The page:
On returning any un-executed Writs, the High Court Enforcement Officer will report the outcome to the creditor and provide further appropriate information, where this is requested and paid for by the creditor.
All information obtained during the administration and enforcement of Writs must be treated as Confidential.
High Court Enforcement Officers will provide clear and prompt information to debtors and where appropriate, creditors. In addition, they will respond promptly to any correspondence from the Complaints Officer arising from a complaint to the Association.
High Court Enforcement Officers will, so far as it is practical, avoid disclosing the purpose of their visit to anyone other than the debtor.
Where the debtor is not seen, the relevant documents will be left at the address in a sealed envelope addressed to the debtor.
High Court Enforcement Officers will, on each and every occasion when a visit is made to a debtor's property which incurs a fee for the debtor, leave a notice detailing the fees charged to date, including the one for that visit, and the fees which will be incurred if further action becomes necessary. If a written request is made an itemised account of fees will be provided.
High Court Enforcement Officers will clearly explain and give in writing, the consequences of the seizure of a debtor's goods and ensure that debtors are aware of the additional charges that will be incurred.
Times and Hours
Enforcement of High Court Writs will not be undertaken on Sundays, on Good Friday or on Christmas Day, unless the Court specifically orders otherwise or in situations where legislation permits it.
Generally High Court Enforcement Officers will operate between the recommended hours of 6.00am and 9.00pm but this can be extended during trading hours particularly in relation to public houses, restaurants and night clubs.
High Court Enforcement Officers are respectful of the religion and culture of others at all times. They are aware of the dates for religious festivals and carefully consider the appropriateness of undertaking enforcement on any day of religious or cultural observance or during any major religious or cultural festival.
High Court Enforcement Officers will only take goods in accordance with the appropriate regulations or statute.
High Court Enforcement Officers will ensure that goods are handled with reasonable care so that they do not suffer any damage whilst in their possession and will have insurance in place for goods in transit so that if damage occurs this is covered by the High Court Enforcement Officer’s insurance policy.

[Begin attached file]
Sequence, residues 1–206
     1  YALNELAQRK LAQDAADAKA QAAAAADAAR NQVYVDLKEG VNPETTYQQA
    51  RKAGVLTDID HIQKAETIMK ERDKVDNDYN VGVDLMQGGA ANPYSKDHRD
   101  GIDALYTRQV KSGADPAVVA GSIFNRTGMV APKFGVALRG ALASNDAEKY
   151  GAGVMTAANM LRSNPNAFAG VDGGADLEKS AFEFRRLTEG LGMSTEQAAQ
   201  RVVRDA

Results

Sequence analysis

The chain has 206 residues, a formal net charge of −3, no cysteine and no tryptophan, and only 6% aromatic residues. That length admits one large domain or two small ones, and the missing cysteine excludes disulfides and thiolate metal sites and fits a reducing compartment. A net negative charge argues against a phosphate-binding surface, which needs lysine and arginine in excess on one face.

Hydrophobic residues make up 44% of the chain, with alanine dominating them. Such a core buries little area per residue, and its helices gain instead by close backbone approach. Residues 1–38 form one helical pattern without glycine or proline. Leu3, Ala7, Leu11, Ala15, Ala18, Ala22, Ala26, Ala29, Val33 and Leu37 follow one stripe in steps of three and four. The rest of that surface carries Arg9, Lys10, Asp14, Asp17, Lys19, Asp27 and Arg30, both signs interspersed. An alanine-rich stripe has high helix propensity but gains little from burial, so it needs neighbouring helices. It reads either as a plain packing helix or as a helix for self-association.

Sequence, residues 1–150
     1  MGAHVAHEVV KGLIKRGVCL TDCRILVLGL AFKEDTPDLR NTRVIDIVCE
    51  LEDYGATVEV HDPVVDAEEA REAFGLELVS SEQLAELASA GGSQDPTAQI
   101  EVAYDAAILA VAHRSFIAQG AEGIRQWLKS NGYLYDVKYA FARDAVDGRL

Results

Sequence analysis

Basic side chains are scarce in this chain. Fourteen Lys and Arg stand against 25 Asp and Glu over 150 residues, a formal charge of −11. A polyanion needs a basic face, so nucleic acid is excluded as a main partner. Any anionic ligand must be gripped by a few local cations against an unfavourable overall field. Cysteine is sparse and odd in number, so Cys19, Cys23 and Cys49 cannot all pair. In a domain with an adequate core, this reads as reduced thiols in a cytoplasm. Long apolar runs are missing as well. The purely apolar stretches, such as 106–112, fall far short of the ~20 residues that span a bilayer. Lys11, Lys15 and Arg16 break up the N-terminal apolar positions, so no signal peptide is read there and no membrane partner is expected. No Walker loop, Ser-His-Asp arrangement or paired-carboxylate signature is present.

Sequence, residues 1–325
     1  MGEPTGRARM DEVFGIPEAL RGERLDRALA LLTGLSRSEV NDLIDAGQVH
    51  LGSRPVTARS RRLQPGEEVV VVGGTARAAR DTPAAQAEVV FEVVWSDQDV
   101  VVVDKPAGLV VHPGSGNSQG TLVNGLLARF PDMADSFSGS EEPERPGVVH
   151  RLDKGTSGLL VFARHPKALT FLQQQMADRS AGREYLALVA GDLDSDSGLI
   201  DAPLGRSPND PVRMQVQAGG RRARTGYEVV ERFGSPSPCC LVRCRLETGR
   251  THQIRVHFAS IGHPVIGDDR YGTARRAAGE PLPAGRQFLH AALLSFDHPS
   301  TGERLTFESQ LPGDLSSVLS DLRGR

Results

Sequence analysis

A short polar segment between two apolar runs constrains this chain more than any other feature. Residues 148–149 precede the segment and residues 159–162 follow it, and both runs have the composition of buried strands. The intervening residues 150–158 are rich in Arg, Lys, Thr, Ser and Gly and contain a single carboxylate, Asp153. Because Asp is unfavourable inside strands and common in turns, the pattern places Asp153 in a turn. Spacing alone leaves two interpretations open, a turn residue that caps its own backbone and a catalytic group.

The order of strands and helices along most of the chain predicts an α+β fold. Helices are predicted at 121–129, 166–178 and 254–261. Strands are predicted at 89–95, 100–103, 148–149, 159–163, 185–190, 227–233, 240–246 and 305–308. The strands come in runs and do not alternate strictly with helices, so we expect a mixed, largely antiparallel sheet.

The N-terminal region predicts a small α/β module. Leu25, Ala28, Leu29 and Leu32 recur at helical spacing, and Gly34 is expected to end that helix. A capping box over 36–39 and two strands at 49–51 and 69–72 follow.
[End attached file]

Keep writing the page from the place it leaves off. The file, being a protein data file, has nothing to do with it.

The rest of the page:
High Court Enforcement Officers will not remove anything clearly identifiable as an item belonging to, or for the exclusive use of a child.
A receipt for the goods removed will be given to the debtor or left at the premises.
High Court Enforcement Officers will take all reasonable steps to satisfy themselves that the value of the goods impounded in satisfaction of the judgment is proportional to the value of the debt and charges owed.
High Court Enforcement Officers recognise that they have a role in ensuring that the vulnerable and socially excluded are protected and that the recovery process includes procedures agreed between the High Court Enforcement Officer and creditor about how such situations should be dealt with.
The appropriate use of discretion is core to how a High Court Enforcement Officer will approach any given situation and will use his or her experience to handle members of the public with due care and consideration.
High Court Enforcement Officers will contact the creditor and report the circumstances in situations where there is potential cause for concern. If necessary, the High Court Enforcement Officer will advise the creditor if further action is inappropriate.
The exercise of appropriate discretion is needed, not only to protect the debtor, but also the High Court Enforcement Officer who has been trained to avoid taking action which could lead to accusations of inappropriate behaviour.
High Court Enforcement Officers must withdraw from domestic premises if the only person present is, or appears to be, under the age of 18; they will ask when the debtor will return home, where appropriate.
High Court Enforcement Officers will withdraw from making enquiries at any address if the only persons present are children who appear to be under the age of 12.
Wherever possible, High Court Enforcement Officers will have arrangements in place for rapidly accessing translation services when these are needed, and provide on request information in large print or in Braille for debtors with impaired sight.
Although not exhaustive, High Court Enforcement Officers recognise the following groups as being potentially vulnerable and will act accordingly:
- the elderly;
- people with a disability;
- the seriously ill;
- the recently bereaved;
- single parent families;
- pregnant women;
- unemployed people; and,
- those who have obvious difficulty in understanding, speaking or reading English
ICM launches Level 2 Award in Taking Control of Goods
The ICM has launched a Level 2 Award in Taking Control of Goods that has been developed in conjunction with the High Court Enforcement Officers Association (HCEOA).
The award is fully Ofqual accredited and approved by the Ministry of Justice and Skills for Security, and the first exams will be taken in July 2014.Read More >>
AN HCEO ANOMALY
HIGH Court enforcement officers (HCEOs) will not have an automatic right to enforce writs issued in their names when the Taking Control of Goods Act 2013 (TCGA) is implemented.
Read More >>